Contaminated soil question

I observed something strange in one of my newly built and spring planted wildflower boxes this year. An area of 2 feet x 2 feet was completely bare even though I kept reseeding and reseeding and reseeding till I finally gave up. Nothing would grow there even the most noxious invasive weeds which I saw start to sprout and then kind of whither away. It was very strange. I initially suspected that a couple of bags of dirt I bought from Menards was contaminated with a chemical like Round Up.
When cleaning the garage the other day I noticed a stain on the floor that had been caused by me leaving this Citrus cleaner in a coffee can. The cleaner is that orange liquid stuff that you can get at Home Depot and smells like oranges but the instructions demand that you wear gloves when using it so it must be pretty corrosive. It was corrosive enough to eat through the bottom of the coffee can, get onto the cement floor, and eat into the cement. I kind of forgot about the coffee can for a month last year until I discovered the mess so the chemicals had a long time to change their molecules. Anyway, right next to this little chemical spill were two extra bags of potting soil that I had stored and I think perhaps made contact with this chemical and might have absorbed a lot of it. When tracing back what happened, I think I remember grabbing those two bags to get rid of them not giving a second thought about the contamination. At that time, in the early spring when I installed these boxes, I was hauling a lot of soil. Each wildflower box takes 25 bags of dirt/compost/peat/whatever.
So this blighted area in the box most likely was my fault. My question to anyone who knows: Will this chemical eventually wash out of the box on its own? My boxes have very good drainage systems. In the fall I need to make a decision whether to extract all the dirt in that area and replace it or just hope the fall and winter precipitation will clean out the dirt. This box is located on my main rooftop making getting dirt up there a lot of effort but I'll do it if necessary.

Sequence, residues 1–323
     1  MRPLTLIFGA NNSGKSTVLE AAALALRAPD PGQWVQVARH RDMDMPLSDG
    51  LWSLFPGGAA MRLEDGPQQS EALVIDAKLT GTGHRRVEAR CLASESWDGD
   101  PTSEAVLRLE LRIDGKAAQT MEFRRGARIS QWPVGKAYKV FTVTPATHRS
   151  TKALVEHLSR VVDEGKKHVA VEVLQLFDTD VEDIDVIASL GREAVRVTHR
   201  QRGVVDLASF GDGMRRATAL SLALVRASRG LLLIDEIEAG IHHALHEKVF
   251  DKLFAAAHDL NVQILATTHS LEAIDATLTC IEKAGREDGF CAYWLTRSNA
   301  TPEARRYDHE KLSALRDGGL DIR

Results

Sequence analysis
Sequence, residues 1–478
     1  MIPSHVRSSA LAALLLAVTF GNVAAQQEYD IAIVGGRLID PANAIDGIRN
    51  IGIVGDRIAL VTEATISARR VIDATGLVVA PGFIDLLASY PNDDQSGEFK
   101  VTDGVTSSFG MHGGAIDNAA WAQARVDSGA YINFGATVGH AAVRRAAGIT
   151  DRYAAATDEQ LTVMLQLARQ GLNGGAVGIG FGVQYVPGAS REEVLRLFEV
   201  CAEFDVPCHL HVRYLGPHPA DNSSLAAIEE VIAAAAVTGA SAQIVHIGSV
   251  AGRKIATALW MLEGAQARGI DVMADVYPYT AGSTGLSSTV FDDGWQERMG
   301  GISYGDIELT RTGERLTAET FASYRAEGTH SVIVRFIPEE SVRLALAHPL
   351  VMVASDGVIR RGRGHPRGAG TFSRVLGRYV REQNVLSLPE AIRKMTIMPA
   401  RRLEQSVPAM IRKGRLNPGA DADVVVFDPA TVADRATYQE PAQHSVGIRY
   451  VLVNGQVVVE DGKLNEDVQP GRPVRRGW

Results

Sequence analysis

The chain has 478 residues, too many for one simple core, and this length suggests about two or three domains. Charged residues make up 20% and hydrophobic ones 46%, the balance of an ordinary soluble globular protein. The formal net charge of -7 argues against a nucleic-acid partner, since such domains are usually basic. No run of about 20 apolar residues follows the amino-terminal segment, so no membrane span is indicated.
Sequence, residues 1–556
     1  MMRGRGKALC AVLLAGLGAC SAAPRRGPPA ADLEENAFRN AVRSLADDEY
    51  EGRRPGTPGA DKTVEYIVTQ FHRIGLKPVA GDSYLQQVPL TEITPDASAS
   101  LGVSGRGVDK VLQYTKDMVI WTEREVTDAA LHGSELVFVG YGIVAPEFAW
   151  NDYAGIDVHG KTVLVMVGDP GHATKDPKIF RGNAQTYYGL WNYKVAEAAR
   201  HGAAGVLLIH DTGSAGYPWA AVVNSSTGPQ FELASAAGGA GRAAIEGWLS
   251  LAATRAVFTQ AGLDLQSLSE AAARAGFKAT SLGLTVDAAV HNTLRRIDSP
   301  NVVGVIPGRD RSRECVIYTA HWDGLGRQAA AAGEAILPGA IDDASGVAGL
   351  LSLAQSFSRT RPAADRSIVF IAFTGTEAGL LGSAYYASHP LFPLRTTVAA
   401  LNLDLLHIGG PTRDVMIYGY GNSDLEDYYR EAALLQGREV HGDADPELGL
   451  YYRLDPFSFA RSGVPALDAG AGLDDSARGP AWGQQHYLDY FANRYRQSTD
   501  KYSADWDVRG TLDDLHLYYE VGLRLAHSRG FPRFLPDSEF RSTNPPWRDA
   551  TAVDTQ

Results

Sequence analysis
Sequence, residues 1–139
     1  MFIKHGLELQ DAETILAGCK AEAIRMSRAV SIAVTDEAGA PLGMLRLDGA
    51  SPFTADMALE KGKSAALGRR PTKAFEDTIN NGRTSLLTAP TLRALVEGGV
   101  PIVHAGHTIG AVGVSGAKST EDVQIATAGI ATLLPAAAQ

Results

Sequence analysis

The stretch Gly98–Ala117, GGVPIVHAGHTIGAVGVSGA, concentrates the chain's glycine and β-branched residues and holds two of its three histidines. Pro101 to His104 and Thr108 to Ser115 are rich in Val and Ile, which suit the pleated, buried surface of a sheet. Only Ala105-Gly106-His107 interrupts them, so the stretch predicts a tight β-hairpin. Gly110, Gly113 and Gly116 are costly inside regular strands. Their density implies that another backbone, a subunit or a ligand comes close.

Here's a pic of the box in question:
http://www.brandylion.com/gallery/Garden2005/121_2157
The bald spot is at the right end.
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It should wash out or at least dilute itself enough over time. How much time? Who knows...till it up regularly so it all gets wet.
But I bet if you used that as a mini compost bin/area that would speed things up. Would need a few handfuls of "real" dirt from downstairs if all you have used so far is bagged clean dirt. Mix in kitchen scraps and crumbled up dried leaves, maybe some grass clippings. Dig in a bowl of kitchen scraps every few days. Even buy a tub of red wigglers from Wal-Mart's sporting goods area (not night crawlers for composting, the small red ones...).
Our family business is building wetlands and all we do is break the soil up 18" getting air and microbes down all the way, flood and replant, and we turn some pretty nasty dirt into some of the best soil and beautiful marshes ever...and in less than a year.
Course a quick fix would be to dig that soil out, dump it someplace away from a stream or water source and replace the dirt but that would be heavier on the back :>)
hth John in Houston

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In article snipped-for-privacy@logontexas.com says...

Thanks for the info. This sounds like a simpler solution than digging out 1/4 of the dirt in that box and even then I might not get all the chemicals because they could have spread. I'll start composting that area today and I do normally water there heavily. This year we're in severe drought here in Chicago. We only got one good rain all year and that was 2 weeks ago and that lasted less than a day making it extremely difficult to keep up with watering. That may have exasperated the problem and I've been having problems with all my wildflower boxes. I feel like I've become a slave to my garden this year -- absolutely no days off! No amount of manual watering can match the power of a good sustained rain or the downpour from a thunderstorm.
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says...

Remember not to plant edibles in that soil, unless you like mysteries.
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In article snipped-for-privacy@hotmail.com says...

I considered moving my hot peppers into that box next year. Luckily I caught this and now that box will be wildflowers for the next few years at least. I'm starting to worry if perhaps some of that dirt made it into my tomato planters since a couple of my tomato plants look like shit this year even though they're producing healthy fruit.
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says...

Could be the chemical, or it could also be that the soil needs beefing up. Buy yourself a soil test kit - one that checks not just pH, but also nutrients. Even so, always assume that yard chemicals (or obviously, cleaning products) are UNsafe until proven otherwise. Since that's impossible to prove without testing them on humans, it's safe to assume that they're UNsafe. :-)
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